So forget about the sinister slang expression that you may have
learned on the back of the school bus during your wonder years. This
act of cornholing, which has also been referred to as bean toss and
soft horseshoe, is more like horseshoes in that the team is trying to
lob an object at a designated area. However, instead of using
Seabiscuit’s footwear and stakes, the players employ beanbags and a
wooden board with a hole in it.
Two teams, with either one player or two, hurl a bag 27 feet at a
board with a six-inch hole. Getting the bag inside the hole earns the
team three points; landing the bag on the board is good for one point.
The game ends when one team reaches 21 points. A team wins when they
have scored the best of three games, also called a match.
Cornhole originated in Cincinnati as a tailgating event, yet its
surging popularity now means the game is played everywhere, said Jamie
Joss, a New York state agent for the American Cornhole Organization
(ACO). Yep, such a beast really exists.
In fact, cornholing has become a million-dollar industry. It can be
played by all ages and genders, explained Joss, and requires no preset
skills, which explains why the game is so inviting. “It has created a
little bit of a cult following that is becoming more mainstream,” said
Joss, who allowed that his cornhole playing has become somewhat of an
Since it can be played anywhere, you’ll often find the cornhole
sport at corporate outings or outside during lunch breaks. In fact, it
has become part of one group’s warm-weather daily routine on the
Syracuse University Quad.
Meet the moviemakers: Cornhole: The Movie writer-director Timothy Clarke and
producer Elaine Mello-Clarke with their baby daughter visit the cornhole contest during their Central New York stay.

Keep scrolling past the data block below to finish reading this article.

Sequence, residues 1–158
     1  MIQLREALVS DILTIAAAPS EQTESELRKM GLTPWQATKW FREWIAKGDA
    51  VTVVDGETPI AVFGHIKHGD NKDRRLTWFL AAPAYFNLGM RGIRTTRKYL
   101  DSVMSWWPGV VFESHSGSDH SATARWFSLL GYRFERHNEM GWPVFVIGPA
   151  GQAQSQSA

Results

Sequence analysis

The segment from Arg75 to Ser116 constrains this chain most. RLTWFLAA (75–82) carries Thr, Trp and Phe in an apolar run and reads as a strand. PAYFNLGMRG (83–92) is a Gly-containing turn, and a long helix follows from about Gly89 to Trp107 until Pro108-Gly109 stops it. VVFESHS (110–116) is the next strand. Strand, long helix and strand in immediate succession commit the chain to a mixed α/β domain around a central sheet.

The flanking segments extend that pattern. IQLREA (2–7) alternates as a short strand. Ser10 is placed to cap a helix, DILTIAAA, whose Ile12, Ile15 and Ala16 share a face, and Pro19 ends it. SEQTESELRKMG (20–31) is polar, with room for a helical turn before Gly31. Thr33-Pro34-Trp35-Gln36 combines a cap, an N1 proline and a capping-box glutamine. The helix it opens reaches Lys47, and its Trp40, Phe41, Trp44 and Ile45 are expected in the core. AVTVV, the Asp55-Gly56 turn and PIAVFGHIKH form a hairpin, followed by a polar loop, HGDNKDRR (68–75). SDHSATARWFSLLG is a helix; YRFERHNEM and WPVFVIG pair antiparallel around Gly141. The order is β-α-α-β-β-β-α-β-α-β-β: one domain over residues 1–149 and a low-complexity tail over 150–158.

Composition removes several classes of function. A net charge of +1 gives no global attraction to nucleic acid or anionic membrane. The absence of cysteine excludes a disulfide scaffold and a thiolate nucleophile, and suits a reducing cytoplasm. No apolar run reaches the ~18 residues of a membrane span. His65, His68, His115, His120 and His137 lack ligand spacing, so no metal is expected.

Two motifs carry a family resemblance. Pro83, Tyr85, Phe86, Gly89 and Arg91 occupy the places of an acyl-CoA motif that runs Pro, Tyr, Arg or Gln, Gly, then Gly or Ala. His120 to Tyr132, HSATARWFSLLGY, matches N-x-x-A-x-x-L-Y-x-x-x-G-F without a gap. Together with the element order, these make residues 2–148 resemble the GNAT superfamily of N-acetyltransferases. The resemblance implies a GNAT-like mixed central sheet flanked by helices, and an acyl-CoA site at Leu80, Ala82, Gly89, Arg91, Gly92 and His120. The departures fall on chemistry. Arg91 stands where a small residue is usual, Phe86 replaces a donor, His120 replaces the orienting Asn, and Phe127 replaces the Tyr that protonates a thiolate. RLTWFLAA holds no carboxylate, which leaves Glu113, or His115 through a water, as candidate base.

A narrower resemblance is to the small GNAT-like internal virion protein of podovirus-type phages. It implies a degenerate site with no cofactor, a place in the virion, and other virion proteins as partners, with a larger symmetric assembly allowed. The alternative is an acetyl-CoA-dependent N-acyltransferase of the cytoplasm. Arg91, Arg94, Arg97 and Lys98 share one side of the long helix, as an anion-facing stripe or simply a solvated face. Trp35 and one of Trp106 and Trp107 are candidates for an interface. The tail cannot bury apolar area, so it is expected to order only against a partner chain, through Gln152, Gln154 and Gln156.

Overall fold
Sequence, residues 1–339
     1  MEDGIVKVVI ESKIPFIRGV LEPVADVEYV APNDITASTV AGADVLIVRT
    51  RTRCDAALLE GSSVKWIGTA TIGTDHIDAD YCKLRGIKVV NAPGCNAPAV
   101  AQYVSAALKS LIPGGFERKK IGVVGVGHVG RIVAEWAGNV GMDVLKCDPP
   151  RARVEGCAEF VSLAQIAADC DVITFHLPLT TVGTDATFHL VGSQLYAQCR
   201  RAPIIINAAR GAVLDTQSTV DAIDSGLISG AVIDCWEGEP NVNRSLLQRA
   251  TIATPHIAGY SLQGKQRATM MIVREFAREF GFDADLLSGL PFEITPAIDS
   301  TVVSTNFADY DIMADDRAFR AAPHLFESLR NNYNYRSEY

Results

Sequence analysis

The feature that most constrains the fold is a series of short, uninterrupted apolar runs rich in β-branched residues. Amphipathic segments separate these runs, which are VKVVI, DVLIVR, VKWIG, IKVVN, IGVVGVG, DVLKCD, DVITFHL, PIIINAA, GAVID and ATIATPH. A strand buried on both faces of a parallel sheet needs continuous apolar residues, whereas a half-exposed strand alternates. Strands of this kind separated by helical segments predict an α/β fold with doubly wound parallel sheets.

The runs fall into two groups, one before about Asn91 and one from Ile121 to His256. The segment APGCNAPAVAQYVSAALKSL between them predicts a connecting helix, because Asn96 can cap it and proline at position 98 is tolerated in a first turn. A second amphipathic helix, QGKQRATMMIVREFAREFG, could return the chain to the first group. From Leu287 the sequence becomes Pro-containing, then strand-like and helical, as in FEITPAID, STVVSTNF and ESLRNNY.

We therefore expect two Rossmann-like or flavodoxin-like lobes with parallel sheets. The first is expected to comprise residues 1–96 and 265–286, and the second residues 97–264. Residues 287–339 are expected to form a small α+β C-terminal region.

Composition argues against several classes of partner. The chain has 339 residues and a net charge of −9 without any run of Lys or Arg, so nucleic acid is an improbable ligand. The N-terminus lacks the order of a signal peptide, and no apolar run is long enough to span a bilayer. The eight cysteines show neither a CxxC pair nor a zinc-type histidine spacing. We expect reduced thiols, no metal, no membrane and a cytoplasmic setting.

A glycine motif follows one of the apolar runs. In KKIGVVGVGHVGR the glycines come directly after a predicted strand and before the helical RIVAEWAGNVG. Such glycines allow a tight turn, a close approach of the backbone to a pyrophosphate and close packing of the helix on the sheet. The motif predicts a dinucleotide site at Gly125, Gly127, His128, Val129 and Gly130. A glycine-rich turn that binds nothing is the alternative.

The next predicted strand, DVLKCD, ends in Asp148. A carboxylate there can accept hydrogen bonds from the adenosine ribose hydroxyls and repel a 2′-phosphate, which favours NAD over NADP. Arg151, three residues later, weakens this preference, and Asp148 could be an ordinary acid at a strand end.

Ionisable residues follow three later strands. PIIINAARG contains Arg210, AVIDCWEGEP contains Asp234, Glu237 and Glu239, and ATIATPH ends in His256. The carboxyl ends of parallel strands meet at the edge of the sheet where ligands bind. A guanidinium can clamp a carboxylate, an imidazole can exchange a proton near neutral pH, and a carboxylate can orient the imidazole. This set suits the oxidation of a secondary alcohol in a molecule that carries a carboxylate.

As for Cornhole: The Movie, it was made to enlighten people
about the game and show people the obsession with it, says Elaine
Mello-Clarke, the producer and lead actress. A graduate of Corcoran
High School and SUNY Oswego who now works in Los Angeles, Mello-Clarke
portrays Gina “The Gun” Rosenstones. “I’m mean and I dominate,” said
Mello about her character, “I’m sort of a bitch.” Actor Dew plays Jimmy
“Bags” Menetti, who shares some unfortunate history with Gina regarding
a previous National Cornhole Championship. It was filmed in a
mockumentary style a la This Is Spinal Tap because
writer-director Timothy Clarke (the producer’s hubby) wanted to inform
people about the competitive nature of cornholing, albeit in a humorous
According to Joss, there are millions of cornhole players but they
toss under the radar. Still, the local league, CNY Cornhole, organizes
tournaments throughout the summer, such as the one that took place June
20 at Quaker Steak and Lube. Upcoming events include two showdowns at
the Inner Harbor, West Kirkpatrick and Solar streets: the WAQX-FM 95.7
(95X) BBQ Chowdown Tournament on July 25, and the Great Chicken Wing
Fest Tournament sponsored by WTKW-FM 99.1 (TK99) on Aug. 20 and 21.
Throughout the summer, cornhole contests will also be held on most
Mondays and Thursdays at Woody’s Jerkwater Pub and Grub, 2803 Brewerton
To join CNY Cornhole and find out about the tournaments, call (303) 476-9226. Tickets for the screening of Cornhole: The Movie
at Eastwood’s Palace Theatre, 2384 James St., cost $10 for adults and
$8 for students and seniors. Mello-Clarke will also be on hand for a
question-answer session. For more information, call 463-9240.